See how to get context for your Teams tab or bot.

Understand authentication options

Integration scenarios: Standalone apps, collaboration apps, SharePoint

Azure Active Directory is the identity provider for Teams. If your app uses a different identity provider, you must either do an identity mapping exercise or combine with Microsoft Azure Active Directory (Azure AD).

Teams has single sign-on (SSO) mechanisms with Azure AD for third-party apps. It also provides the guidance for authentication flows to other identity providers using standards such as OAuth and Open ID Connect, known as OIDC.


Currently, third-party apps are available in Government Community Cloud (GCC) but are not available for GCC-High and Department of Defense (DOD). Third-party apps are turned off by default for GCC. To turn on third-party apps for GCC, see manage app permission policies and manage apps.

For SharePoint pages, you can only use SSO and can't add another Azure AD ID if you want SSO to work for another app as the ID is the SharePoint app.

Learn more about authentication in Teams.

Follow Teams design guidelines

Integration scenarios: Standalone apps, collaboration apps

Ensure to follow Teams design guidelines to make your app native to Teams. You can't migrate an existing app content to a Teams tab. For more information on app design, see Fluent Design System.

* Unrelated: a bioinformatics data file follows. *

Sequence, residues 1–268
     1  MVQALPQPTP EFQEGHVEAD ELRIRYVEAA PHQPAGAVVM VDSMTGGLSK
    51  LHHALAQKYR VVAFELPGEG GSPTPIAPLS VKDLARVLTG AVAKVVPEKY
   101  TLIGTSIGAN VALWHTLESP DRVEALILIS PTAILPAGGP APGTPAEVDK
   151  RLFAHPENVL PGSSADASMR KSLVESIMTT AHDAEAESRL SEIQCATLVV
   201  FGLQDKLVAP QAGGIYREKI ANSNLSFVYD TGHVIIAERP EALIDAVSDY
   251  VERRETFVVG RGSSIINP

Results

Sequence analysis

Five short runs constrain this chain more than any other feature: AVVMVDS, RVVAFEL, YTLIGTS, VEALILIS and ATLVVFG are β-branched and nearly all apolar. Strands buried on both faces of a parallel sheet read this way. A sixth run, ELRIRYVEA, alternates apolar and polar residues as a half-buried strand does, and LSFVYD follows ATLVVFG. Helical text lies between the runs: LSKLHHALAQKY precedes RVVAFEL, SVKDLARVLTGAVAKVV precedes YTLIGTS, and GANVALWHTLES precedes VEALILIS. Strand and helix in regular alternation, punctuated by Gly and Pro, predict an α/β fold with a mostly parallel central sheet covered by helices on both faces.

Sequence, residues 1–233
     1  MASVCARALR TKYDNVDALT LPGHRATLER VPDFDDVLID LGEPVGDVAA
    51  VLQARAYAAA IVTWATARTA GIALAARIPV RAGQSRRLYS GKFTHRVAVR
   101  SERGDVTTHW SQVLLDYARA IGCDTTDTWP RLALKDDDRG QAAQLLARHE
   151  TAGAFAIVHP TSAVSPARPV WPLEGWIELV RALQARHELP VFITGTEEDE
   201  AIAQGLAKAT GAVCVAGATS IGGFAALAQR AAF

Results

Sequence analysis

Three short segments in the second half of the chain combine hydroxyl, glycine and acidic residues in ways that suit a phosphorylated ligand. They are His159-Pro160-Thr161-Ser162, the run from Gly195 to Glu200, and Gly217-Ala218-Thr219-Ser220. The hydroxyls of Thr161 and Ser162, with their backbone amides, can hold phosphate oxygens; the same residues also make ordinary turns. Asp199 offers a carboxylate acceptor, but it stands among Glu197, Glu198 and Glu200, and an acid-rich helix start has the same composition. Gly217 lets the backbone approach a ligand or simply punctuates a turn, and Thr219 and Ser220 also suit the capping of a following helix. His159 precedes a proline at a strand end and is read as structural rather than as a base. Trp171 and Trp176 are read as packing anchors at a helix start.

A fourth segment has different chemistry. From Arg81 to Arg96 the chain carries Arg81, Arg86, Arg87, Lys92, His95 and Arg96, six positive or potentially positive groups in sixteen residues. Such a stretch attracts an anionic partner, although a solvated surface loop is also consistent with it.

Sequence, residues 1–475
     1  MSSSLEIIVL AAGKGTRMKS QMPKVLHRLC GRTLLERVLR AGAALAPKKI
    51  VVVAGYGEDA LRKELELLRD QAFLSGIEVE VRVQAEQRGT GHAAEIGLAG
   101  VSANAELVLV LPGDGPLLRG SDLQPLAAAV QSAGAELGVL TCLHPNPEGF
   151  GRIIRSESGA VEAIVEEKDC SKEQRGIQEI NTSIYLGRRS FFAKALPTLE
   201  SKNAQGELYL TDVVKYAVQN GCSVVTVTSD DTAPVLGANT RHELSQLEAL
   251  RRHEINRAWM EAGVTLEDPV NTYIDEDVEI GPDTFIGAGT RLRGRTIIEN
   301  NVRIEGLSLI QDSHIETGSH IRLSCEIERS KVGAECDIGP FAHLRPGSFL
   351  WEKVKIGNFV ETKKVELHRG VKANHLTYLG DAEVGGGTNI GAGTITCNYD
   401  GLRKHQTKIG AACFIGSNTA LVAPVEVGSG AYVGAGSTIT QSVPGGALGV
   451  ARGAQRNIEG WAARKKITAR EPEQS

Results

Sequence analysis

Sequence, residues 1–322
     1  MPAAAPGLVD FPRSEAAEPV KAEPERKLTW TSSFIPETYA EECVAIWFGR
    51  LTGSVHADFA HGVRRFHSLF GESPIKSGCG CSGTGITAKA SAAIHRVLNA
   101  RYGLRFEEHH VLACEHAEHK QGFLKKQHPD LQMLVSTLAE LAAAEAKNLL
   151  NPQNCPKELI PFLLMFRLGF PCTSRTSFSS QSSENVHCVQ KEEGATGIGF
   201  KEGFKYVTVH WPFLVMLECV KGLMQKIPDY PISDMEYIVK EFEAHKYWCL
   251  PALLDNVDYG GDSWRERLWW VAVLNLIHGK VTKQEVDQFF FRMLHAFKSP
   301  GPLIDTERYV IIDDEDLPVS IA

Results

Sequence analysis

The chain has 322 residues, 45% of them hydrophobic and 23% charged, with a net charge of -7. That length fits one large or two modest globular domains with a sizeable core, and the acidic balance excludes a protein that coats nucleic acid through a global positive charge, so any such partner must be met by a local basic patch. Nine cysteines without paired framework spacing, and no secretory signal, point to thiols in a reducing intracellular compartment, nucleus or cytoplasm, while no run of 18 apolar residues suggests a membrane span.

Maximize deep linking

Integration scenarios: Standalone apps, collaboration apps, SharePoint

You can create links to information and features within Teams. Use deep links to link your app with Teams as they tie together multiple pieces of an app for a more native Teams experience.

Be smart when messaging users

Integration scenarios: Standalone apps, collaboration apps, SharePoint

Use a bot in your Teams app for multi-threaded conversation, as it offers more flexibility than a webhook.

Bots also allow you to send proactive messages to individual users or channels. The proactive messages are unprompted messages triggered by an outside event and not a message sent to a bot. For example, your bot sends a welcome message when it's installed or a new user joins a channel.

Sending proactive messages requires Teams-specific identifiers. You can capture the information by fetching roster or user profile data, subscribing to conversation events, or using Microsoft Graph.

Don't spam users with excessive messages. If the Teams capability supports it, the users can configure notification settings for your app. Following is an example of a notification message: Don't send me unprompted messages.

Use SharePoint for file and data storage

Integration scenarios: Standalone apps, collaboration apps, SharePoint pages

When a team is created, a SharePoint site collection is also provisioned to support file and data storage for that team. Your app must leverage this feature if it interacts with files. Use the site collection to store raw data in SharePoint Lists and Microsoft Excel.

See also